What You See & Don’t Know

“Never mind my autism, what about your ignorance? Become educated before you become opinionated!”

This morning I read a tweet from Autism Speaks about an article “7 things you don’t know about a special needs parent”. Even if you don’t have a child with special needs, you may have a new understanding about those who do after reading the article. If you & I are friends or family, you may even have a new understanding of me.

What lies before us & before us is nothing compared to what lies within us.
-Ralph Emerson

We just came back from a week of vacation & while it was fun and amazing to see my family and friends who I have not seen in a year … it also comes with a lot of stress, even less sleep, more meltdowns & two very frustrated and stressed parents. One thing that was especially hard for Adam & I was the constant judging and snide comments about us as parents or our children .. but mostly Aiden.

You or the rest of the world may see a three year old boy who loves Lightning McQueen, dump trucks & hot wheels cars. A little boy who may cover his ears & scream “loud” as your kids are screaming & you are ignoring them to continue your conversation. Maybe he is not sitting still & being quiet because he is playing with his cars or playing peek-a-boo with his sisters. He may be talking louder then you would like, but know that we are working on that so please bare with us.

You may get annoyed because he has said “hi” to you four times while you are ringing up our groceries, but know that up until the last six months, he would not have looked at you. He never would have said “hi” or ever tried to engage in a conversation. In fact, remember that when he is “talking too much” too. To you he is talking too much, but to us he is using his words to communicate with us. Something he hasn’t been able to do until very recently. You may take for granted about your own child, because you may never know what it is like to not know if you will ever be able to have a back & forth conversation with your child. If you will ever hear their voice. If you will ever hear them say “I love you” to you.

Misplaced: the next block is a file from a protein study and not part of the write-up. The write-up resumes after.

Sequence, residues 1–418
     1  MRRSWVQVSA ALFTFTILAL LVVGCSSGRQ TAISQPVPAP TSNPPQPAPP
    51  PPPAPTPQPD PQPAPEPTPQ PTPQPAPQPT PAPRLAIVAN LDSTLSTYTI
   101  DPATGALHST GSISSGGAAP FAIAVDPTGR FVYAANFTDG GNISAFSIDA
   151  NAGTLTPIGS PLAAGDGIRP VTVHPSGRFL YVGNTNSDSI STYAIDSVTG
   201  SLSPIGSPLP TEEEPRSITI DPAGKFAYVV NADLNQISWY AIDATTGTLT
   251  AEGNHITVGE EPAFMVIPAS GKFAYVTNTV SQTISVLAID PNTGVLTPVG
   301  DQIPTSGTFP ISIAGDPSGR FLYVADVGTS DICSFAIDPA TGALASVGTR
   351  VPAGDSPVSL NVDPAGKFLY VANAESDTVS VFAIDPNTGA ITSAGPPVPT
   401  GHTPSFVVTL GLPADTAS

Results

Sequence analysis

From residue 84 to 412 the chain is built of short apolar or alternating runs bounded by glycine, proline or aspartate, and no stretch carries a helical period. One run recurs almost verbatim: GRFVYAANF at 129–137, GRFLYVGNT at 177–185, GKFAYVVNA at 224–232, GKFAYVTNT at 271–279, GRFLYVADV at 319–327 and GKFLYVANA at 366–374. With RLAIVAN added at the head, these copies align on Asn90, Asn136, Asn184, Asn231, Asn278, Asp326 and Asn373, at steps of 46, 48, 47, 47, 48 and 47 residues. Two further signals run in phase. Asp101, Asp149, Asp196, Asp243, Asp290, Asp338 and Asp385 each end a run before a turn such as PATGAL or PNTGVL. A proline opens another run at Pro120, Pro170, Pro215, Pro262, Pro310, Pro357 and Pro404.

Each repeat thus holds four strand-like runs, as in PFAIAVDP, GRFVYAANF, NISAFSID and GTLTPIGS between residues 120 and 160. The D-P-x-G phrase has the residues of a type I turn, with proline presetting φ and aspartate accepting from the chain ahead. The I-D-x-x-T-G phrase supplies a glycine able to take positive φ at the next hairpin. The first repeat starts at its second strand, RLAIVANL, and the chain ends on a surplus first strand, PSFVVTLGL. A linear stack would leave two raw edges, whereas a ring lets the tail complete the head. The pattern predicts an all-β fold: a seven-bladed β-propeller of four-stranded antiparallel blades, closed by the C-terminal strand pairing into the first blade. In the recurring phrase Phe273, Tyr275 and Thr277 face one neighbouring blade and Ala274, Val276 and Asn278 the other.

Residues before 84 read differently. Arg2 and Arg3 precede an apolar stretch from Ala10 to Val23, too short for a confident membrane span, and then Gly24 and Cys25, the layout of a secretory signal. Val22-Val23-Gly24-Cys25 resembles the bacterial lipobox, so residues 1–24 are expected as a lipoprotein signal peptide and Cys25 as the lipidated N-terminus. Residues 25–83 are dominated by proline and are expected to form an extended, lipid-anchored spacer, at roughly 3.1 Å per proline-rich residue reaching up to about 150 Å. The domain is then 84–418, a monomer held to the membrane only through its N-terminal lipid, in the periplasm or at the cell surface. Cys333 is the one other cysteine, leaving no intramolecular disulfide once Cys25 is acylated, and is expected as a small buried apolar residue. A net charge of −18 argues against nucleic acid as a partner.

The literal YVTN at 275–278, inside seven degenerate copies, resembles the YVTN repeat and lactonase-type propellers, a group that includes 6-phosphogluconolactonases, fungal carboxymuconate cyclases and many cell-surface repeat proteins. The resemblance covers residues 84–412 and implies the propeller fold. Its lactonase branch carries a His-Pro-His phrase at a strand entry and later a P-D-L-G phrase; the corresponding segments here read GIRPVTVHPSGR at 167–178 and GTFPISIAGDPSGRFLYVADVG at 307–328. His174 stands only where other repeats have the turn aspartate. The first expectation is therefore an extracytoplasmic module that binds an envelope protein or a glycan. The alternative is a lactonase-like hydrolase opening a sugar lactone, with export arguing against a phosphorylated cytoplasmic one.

While you may see a temper tantrum with parents who appear to be coddling him, we are in fact trying to calm him so that we can try to figure out what is wrong. I am sure you would rather have us try to calm him down then let him continue to scream, right? Otherwise then you would be judging us for being “those parents” who let their child continue to scream. Seems like we can’t win either way.

While I don’t go around telling every random stranger who gets annoyed with him or Adam & I all of this, maybe I should. The next time we are getting dirty looks, being judged as parents or the next time someone calls my child retarded.

More then anything I wish people would take a moment to learn about autism & try understand Aiden. Unfortunately not everyone does & who knows if they ever will. Instead they will make comments that aren’t funny, tell us how to parent & become even less a part of his life. That sucks. Sorry for the simple “it sucks” but honestly it does. I can’t & won’t look at him and say “I wish they accepted you, for who you are & not who they wish you were”. Although maybe then he would understand that it’s them that are the problem & not him.

I will admit it, like the mom in the article … I am very tired, stressed, I do feel alone, I am very scared & wish people would stop with the jokes, retard comments & wish that I could talk about Aiden but also sometimes not talk about it because sometimes I need a break.

Sometimes when you see me out, I may look like a I am two seconds away from loosing my mind. Truth be told nine times out of ten I am! Please don’t judge me. Just know that it has probably been a really trying day, but I am trying to make it thru with as much sanity as I can. I will try to remember that you don’t live this life everyday & may not have any clue what it’s like. So I will do my best to understand your uninformed comments & try to inform you.

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2 thoughts on “What You See & Don’t Know

  1. I read that post but didn’t really agree entirely; sure every parent on the spectrum feels tired, stressed and alone at times, but there are outlets for frustration, and social networking is a great way to connect with other parents; not to mention reading a few good blog posts!

    • I agree with you, I didn’t agree 100% with the article but I felt like it was a great start of an explanation to those who don’t have a clue what life is like for those taking care of someone on the spectrum (more specifically our everyday life). It has been our experience with particular people in our life that it is much easier to judge and offer “advice” then to listen & try to understand.

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